Did Judge John Stargel actually read the report? If so, why did he ignore the coerced contributions? Is it possible that Judge John Stargel, a former state legislator and political operative himself, does not know about Florida Statute 104.31? Why has Judge John Stargel not recused himself from any discussion of the McKeel report? What guidance would the judicial canon of ethics provide for this situation?
And let’s consider Sheriff Grady Judd, the most political of sheriffs. Polk County’s daddy. He stood up in front of any camera he could find just a few weeks ago to talk about the horrors of bullying and how they aren’t tolerated here in Polk County.
What is he going to do about this?
Coerced campaign contributions are among the worst forms of bullying–forcing someone to cough up their hard-earned money to the benefit of someone else’s power. It is the raw exercise of power by one person over another. Bullying. And it’s against the law. Harold Maready resigning in a puddle of disgrace doesn’t change that an inch.
And imagine that the principal of a traditional low income public school was accused by a staff member of smoking marijuana–also a misdemeanor–to ease chronic back pain. How long do you think it would take the sheriff’s boys to knock down his or her door and parade him or her in front of TV cameras?
Sheriff, you sent undercover deputies to infiltrate a peaceful group protesting the Trayvon Martin verdict at a public education institution. What are you going to about a credible accusation of a crime of political bullying in a public school-commissioned report written by a professional investigator?
I look at the board members of that school system–which include your powerful political allies and groupies–and I think I see my answer. I think you’re going to do nothing.
You are what your record says you are. And it says you only target the politically weak. Annoying atheists? On ‘em with the SWAT team. Problematic juveniles? Pepper-spray ‘em into obedience. An unchecked abusive bullying culture among leaders of a prominent institution for children? Peppered with credible accusations of crime? With prominent Republican officeholders on or tied to the board? Not the right kind of people for the Grady treatment, I suspect.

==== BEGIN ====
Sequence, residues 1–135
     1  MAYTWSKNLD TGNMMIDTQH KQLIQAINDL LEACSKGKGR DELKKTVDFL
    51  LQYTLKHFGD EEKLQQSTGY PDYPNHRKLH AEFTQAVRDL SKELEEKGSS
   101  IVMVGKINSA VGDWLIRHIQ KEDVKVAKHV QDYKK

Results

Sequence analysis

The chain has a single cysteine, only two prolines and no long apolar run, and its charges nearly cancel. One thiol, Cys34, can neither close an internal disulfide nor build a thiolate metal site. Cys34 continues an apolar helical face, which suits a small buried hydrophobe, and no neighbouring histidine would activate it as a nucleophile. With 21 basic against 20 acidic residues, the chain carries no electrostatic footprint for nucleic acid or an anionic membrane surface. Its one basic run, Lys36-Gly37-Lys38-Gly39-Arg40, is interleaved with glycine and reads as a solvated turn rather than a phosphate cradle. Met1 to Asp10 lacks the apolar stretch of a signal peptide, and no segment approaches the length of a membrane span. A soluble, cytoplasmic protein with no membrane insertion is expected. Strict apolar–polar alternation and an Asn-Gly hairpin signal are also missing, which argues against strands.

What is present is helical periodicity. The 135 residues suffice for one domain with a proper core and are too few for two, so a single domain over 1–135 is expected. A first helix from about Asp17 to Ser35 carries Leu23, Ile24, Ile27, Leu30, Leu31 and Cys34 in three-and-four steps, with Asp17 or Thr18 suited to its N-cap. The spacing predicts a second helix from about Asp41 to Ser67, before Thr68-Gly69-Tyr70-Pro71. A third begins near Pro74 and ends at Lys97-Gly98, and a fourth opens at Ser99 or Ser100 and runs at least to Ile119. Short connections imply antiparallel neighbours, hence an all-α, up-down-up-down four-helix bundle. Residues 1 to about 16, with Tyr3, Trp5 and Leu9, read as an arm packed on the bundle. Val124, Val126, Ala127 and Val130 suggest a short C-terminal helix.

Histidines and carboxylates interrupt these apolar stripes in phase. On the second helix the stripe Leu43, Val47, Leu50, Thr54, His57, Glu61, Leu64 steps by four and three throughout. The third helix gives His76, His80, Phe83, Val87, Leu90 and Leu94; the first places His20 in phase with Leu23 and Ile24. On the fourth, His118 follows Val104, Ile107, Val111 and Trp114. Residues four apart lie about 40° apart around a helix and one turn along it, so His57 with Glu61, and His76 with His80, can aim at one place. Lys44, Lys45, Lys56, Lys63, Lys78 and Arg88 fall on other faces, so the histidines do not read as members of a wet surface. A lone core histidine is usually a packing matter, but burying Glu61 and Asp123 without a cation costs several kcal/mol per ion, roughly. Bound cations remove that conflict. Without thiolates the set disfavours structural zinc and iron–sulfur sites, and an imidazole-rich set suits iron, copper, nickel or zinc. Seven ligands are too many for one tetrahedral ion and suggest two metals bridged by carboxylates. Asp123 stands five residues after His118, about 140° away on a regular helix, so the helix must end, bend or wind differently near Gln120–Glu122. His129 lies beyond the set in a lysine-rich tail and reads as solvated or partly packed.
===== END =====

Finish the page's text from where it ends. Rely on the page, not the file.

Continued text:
But you know what? Prove me wrong. If it turns out you’re not who I think you are, I’ll happily eat crow right here.
And finally, Seth, I’d like to ask you to write a letter from the Polk delegation to McKeel Board chairman Mark Thompson similar the one you wrote to Gow. What are the chances of that happening?
Pause for a chuckle.
Anyway, if we had a Polk delegation chair whose name wasn’t on this blood-sucking, taxpayer-funded school system, or who could see past his personal conflicts to the well-being of constituents and taxpayers, he might write something like this:
“Dear Mr. Thompson:
“You and I have failed miserably in our duty to oversee this taxpayer-funded institution. We should resign and allow new leadership to take the reins.
“Under our watch, our superintendent ignored our guidance in 2011 to change his behavior. This has led to a highly embarrassing investigative report that strongly suggests criminal actions as well as appalling leadership and abusive language and management practices. We allowed a bully to run our school for years. I can think of no other government institution that would tolerate such behavior in its leader. Even the city of Lakeland did not tolerate similar, but less long-standing behavior, from its HR director. In addition to that, the McKeel schools are the only three charter schools in Polk County identified as having “material weaknesses in internal controls” related to our financial statements. We’re supposed to be business-friendly and STEM-savvy. How could that happen?
“It’s all happened because we’ve demanded no accountability from Harold Maready, or from ourselves, which sets a terrible example for the kids we serve. And frankly, our high school received a B rating this year despite our tailored student enrollment designed to keep low scoring kids out. So it’s not clear to me any more what we’re even getting for our cravenness. We are the problem.”
Again, that’s a fantasy statement, of course. In the real world, important bullies don’t even get lectures. They just get HR coaches paid for by your money and mine.